The Shafii school spread in lower Egypt, Hejaz, South Arabia and East Africa. It has some adherents in Iraq and had a hold in Persia but lost ground to Shiites. There are very few Shafiis in India (mainly on the West Coast) but it has large numbers in Indonesia, Malaysia and South East Asia.

4.       The Hanbali School: Every modification of principles which took people away from the traditions of the Prophet caused a reaction among those who held to the Transitions. This was particularly so when. The Traditionests followed the teachings of Ahmed Ibn Hanbal (780-855 A.D). born at Baghdad, Ahmed Ibn Hanbal was a pupil of Imam Shafii,. He perfected the doctrine of usul. He was author of several books chief among which are Musnad al-Imam Hanbal, Taat-ur-Rasul and Kitab-ul-Alal. The most exhaustive work on hanbali doctrines has been written by Muwaffak al-Din. Two Hanbali scholars (ibn Taymiyya and his pupil Ibn Kayyin-al-Jawayza) wrote on Siyasa and Sharia (infra).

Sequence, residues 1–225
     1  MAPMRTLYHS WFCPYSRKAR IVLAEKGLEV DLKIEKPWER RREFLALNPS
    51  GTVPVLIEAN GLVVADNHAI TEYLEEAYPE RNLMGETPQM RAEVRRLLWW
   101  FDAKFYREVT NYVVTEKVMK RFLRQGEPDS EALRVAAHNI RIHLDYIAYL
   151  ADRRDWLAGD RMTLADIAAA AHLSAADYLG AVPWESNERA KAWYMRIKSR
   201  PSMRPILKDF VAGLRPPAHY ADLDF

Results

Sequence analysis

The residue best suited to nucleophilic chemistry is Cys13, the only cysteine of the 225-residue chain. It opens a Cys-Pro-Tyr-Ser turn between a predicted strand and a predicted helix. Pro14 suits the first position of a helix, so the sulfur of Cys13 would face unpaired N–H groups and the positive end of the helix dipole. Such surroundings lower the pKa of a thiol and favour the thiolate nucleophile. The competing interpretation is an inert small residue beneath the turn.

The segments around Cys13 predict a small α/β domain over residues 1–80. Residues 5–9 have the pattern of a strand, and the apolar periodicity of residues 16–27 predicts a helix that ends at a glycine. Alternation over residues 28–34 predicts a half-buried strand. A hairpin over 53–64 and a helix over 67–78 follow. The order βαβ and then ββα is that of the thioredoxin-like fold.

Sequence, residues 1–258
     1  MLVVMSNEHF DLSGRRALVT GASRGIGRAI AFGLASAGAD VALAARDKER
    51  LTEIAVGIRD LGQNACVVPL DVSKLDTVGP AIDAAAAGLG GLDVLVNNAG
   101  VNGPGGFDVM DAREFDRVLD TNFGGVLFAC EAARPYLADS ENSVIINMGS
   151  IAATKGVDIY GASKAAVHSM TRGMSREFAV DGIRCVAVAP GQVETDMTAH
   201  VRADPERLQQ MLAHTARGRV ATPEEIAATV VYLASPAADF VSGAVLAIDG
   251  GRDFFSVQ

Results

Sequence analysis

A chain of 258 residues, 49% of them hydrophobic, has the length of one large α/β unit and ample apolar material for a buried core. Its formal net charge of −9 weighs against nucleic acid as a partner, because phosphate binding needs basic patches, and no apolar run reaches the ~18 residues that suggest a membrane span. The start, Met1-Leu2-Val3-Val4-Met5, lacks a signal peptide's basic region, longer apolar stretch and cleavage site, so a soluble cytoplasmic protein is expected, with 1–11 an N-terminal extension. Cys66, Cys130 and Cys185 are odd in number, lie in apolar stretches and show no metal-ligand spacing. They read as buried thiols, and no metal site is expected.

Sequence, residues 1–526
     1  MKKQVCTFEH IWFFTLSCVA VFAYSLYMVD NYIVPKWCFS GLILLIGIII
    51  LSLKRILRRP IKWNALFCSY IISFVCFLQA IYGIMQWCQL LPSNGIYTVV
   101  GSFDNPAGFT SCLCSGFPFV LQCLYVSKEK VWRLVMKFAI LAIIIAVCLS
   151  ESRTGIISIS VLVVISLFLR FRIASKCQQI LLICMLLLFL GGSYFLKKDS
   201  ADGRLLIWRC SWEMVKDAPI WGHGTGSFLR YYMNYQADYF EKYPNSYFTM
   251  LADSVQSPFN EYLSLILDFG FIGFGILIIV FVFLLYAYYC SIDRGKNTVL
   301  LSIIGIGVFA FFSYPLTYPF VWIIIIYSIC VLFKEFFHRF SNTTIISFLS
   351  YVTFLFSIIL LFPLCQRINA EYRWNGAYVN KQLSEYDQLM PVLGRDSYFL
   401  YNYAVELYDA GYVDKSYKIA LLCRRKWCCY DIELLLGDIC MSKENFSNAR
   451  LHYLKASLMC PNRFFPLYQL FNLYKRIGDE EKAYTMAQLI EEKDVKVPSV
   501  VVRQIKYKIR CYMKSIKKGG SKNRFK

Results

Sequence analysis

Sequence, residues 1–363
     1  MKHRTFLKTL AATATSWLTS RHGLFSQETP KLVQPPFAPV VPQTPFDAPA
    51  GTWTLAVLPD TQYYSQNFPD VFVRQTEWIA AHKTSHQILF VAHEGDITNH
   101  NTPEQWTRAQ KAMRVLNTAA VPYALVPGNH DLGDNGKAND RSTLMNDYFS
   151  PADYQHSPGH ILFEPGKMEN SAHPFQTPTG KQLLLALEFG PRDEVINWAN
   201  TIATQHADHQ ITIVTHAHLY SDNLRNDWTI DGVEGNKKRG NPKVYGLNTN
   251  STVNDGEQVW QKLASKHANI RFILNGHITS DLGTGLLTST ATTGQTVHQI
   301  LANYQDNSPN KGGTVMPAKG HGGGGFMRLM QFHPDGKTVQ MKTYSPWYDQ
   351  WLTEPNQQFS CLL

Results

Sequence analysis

The Hanbalis spread to Persia but lost ground to the Shiites. Hanbalis are to be found in Syria and Palestine. The Wahabi movement in Saudi Arabia (Started by Mohammad ibn Abd –ul-Wahab about the middle of 18th century) has introduced a paritan attitude and all innovations based on Qiyas (infra) and rai (infra are rejected as 0pposed to Traditions of the Prophet.

          In India there is a sect known as Ghair Muqqallad, who do not strictly follow any school and who are akin to wahabis.